Roll With It


One of the more interesting things I see producers doing these days, is setting out to write a song in a certain style and then getting frustrated when it doesn’t sound the way they intended.  It’s not surprising, we all have a goal we set ourselves when we write music, so of course it can get a little frustrating when it starts to sound totally different from what we wanted.

Sometimes the frustration can be a good thing though, a few people are good at recognizing when it’s happening and can step back and refocus their efforts back onto the right track.  But more often than not it seems to lead to more frustration, to the point where the producer just loses all motivation to continue with that song.  They feel stuck.  They don’t know how to steer things back towards the sound they were going for, and they end up with a half finished song that they aren’t happy with

Here’s the thing though, sometimes you just need to recognize that creativity cannot always be forced in a certain direction.  Often times we go off on tangents while writing because we’re having fun.  Maybe we discovered a new function on our favorite synth, or maybe we just zoned out for a little bit and came up with a new melody we weren’t expecting.

Over the years I’ve found that some of my best songs came about when I ended up writing something completely different to what I was intending to.  I got into a new groove and before I knew it my song was headed in a totally different direction.

Heck, I’m dealing with this right now in fact on a new live set I was prepping.  I was trying to create a really hard techno set, but after most of the parts were recorded I realized it had a much more chill and progressive feel than I wanted. Now, for people who know my usual musical output, this is probably no big surprise, and you’d think I’d be used to it too!  But, like a lot of musicians it started to cause me worry and frustration, to the point where I just had to shelve the project for a few weeks and work on something else.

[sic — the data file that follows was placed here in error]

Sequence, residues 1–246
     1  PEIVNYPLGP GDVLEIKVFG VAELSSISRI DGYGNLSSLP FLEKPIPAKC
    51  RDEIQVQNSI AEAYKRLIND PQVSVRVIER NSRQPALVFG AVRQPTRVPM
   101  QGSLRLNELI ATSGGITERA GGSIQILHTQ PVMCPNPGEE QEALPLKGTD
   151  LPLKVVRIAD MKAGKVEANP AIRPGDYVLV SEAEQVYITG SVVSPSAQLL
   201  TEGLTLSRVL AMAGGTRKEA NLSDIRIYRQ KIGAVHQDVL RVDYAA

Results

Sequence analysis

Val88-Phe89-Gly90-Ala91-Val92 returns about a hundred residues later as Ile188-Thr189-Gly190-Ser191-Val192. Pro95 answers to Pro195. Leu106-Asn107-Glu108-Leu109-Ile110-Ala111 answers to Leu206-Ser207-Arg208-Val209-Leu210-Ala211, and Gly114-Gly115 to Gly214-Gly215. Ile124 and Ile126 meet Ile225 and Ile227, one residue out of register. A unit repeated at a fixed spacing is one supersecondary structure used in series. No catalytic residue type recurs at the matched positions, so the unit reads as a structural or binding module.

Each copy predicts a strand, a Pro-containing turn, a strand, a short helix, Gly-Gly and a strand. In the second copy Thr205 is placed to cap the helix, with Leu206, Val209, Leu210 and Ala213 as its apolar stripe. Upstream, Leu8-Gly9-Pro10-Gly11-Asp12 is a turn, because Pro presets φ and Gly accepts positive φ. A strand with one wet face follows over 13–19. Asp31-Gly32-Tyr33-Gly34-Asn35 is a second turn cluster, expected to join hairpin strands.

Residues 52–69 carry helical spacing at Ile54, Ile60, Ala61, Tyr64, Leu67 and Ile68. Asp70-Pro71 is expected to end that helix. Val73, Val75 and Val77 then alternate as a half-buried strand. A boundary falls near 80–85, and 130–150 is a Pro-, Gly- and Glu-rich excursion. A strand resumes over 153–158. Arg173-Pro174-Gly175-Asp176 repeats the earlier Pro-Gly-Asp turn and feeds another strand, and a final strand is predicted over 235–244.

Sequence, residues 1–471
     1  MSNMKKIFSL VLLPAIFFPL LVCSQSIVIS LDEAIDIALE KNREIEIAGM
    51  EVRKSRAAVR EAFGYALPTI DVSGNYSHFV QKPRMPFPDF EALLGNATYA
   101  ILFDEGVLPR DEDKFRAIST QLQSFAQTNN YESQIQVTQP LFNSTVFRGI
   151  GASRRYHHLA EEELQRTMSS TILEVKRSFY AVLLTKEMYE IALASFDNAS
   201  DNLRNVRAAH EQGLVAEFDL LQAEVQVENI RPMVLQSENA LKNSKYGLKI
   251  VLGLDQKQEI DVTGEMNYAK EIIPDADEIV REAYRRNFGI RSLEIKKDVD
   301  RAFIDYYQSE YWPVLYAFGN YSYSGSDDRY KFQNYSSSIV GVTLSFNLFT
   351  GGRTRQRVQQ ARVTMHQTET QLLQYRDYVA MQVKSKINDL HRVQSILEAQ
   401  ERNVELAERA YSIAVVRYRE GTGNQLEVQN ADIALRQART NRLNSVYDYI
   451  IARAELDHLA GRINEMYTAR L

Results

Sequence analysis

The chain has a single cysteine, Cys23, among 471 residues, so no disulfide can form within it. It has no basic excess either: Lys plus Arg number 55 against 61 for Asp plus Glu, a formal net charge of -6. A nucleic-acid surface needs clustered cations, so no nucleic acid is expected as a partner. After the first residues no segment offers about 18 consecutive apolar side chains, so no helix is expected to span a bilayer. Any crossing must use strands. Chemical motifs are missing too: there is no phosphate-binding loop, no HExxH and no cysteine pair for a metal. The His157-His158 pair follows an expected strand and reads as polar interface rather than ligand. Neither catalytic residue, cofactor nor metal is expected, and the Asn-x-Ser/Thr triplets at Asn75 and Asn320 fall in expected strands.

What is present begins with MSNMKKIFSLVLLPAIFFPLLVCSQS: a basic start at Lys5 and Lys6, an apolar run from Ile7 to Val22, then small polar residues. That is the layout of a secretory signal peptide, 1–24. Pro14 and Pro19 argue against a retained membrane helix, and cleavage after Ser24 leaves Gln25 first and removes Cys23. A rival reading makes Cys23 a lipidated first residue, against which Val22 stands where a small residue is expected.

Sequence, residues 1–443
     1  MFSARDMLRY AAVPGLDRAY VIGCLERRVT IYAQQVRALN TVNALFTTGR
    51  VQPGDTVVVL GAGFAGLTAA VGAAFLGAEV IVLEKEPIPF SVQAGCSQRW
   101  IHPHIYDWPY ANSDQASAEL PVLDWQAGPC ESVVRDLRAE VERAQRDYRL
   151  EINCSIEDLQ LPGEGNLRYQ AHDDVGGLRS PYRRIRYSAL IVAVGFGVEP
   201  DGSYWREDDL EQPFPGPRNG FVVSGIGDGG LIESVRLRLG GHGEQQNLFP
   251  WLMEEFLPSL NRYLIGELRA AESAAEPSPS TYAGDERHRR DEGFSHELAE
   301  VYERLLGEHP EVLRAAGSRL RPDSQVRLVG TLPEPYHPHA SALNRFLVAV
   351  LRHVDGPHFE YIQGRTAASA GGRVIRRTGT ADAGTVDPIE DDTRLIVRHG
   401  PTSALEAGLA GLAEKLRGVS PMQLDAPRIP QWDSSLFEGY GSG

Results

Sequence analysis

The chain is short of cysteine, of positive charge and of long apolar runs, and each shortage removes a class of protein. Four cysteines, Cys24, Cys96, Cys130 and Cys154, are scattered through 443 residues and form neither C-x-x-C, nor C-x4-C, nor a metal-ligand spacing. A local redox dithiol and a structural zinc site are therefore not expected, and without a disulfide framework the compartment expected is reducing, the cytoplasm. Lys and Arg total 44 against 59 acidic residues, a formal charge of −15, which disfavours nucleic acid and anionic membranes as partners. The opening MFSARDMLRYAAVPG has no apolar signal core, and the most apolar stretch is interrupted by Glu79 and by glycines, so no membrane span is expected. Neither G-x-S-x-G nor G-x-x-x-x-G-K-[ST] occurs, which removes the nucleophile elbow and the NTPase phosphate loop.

But the key was realizing a few weeks later when relistening to what I had done so far, that maybe it wasn’t as hard and banging as I wanted it to be, but there were some really good and solid ideas there none the less.  At times like this, you have to let go of your original goal and refocus your efforts on making the most of what you subconsciously wrote.  You have to stop looking at the shift in styles as a bad thing, and instead realize that maybe there’s a reason things turned out in a slightly different vein than you thought.

By realizing that maybe it wasn’t what I intended, but there was still some good music there (IMVHO of course), I went from being upset and feeling like I was at a road block with the project, to suddenly becoming excited about things again.  I had a new goal, a new direction that felt more natural for this project, and I could once again start to shape it without the frustration of feeling like I had let myself down.  Or that I had failed in my goals.

Music and creativity are fickle beasts, and sometimes no amount of skill or intention is going to put them in containers they don’t want to be in.  When you find your musical idea evolving naturally on their own, you don’t always have to fight it.  Roll with it, see where it takes you and keep on having fun during the process of writing.  In my experience, more often than not this leads to far better results in the end, and helps you find your own artistic voice.


Thanks to everyone that came out to see me DJ last week, if you were there you know how much fun it was.   Now that I have access to a bigger venue, I’m considering starting a regular night there with guest DJs and live performers.  Stayed tuned for more info about Liquid Beats!

Octatrack Slicing Tutorial

A quick tutorial on how to use audio slicing in the Octatrack, and how you can remix your own loops with it.  Plus some other handy shortcuts along the way.  Enjoy the video, and if you find it useful, consider a small donation via the link to the right of the screen.  Thanks!


In other news, been spending a lot of time in the studio mastering EP’s for people.  Must be that time of year for short albums! 🙂

For my own music making, I’ve been exploring an idea I had awhile back to do a techno live set using only the Machinedrum.  Finally decided to give it a go last week, and I’ve already got a ton of material written for the set.   If all goes well, I’m hoping that I’ll have it far enough along to play out in 3-4 weeks.

Changing The Korg EMX-1 Tubes